April marks another Irritable Bowel Syndrome (IBS) Awareness Month in Canada. Affecting 13-20% of the population, this diverse condition can have a drastic impact on a person’s life. How drastic, you ask? Enough that many patients say they would even risk death for a chance at a cure, according to a surprising study published last summer by The American Journal of Gastroenterology.
Despite decades of research, there is still no cure for IBS, which is a chronic condition for most diagnosed individuals, frustrating both patients and physicians. Health care providers offer individualized treatments for the varied symptoms associated with IBS, which include abdominal pain or discomfort, bloating, diarrhea, and constipation. Some individuals respond well to treatments, while for others, IBS is an ongoing battle against relentless symptoms.
In this study, the researchers started by developing a unique survey to evaluate IBS patients’ experiences with IBS, perception of the risks associated with medications used to treat IBS, and willingness to accept hypothetical medication risks for a chance of complete cure. The study included 186 IBS patients, aged 18 years and older, who met the Rome III criteria for IBS.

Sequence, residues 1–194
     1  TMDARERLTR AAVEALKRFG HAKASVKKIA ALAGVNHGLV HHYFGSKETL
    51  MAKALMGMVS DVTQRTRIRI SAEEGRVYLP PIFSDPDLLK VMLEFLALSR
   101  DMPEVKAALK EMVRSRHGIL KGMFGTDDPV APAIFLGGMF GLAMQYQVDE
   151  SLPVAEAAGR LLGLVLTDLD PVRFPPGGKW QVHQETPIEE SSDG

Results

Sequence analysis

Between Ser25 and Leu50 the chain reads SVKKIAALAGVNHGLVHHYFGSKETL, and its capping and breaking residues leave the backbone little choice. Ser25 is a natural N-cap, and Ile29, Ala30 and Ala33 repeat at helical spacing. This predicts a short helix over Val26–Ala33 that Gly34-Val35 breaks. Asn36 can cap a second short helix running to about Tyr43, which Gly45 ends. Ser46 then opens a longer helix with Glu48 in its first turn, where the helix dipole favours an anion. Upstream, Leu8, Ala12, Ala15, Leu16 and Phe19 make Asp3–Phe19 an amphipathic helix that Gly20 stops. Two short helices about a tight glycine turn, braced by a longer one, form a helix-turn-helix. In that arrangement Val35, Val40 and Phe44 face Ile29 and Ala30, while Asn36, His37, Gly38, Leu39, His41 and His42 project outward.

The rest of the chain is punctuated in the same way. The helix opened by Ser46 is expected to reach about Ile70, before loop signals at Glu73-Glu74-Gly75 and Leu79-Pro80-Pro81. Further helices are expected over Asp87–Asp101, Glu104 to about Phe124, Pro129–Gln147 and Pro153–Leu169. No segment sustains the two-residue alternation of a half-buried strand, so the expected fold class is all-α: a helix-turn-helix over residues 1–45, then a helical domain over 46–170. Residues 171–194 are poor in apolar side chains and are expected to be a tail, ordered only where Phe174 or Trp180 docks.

There is no evidence for a relationship between IBS and an increased risk of colorectal cancer, but 49% of the study’s participants believed that there was an increased risk, and 54% of them held the belief that their IBS symptoms would never go away. About 30% of the participants were also convinced that IBS would affect their lifespan, even though this does not correlate with current evidence. Health care providers can help patients with unwarranted fears around the long-term consequences of IBS by reassuring them about the condition. The researchers also compared the participants’ perception of their own IBS symptoms with their rating on a validated IBS severity scoring system. It showed that patients have a slight tendency to underrate the severity of their IBS symptoms. This is an important finding, the study authors say, because of the concern that some health care providers might think that IBS patients exaggerate their symptoms.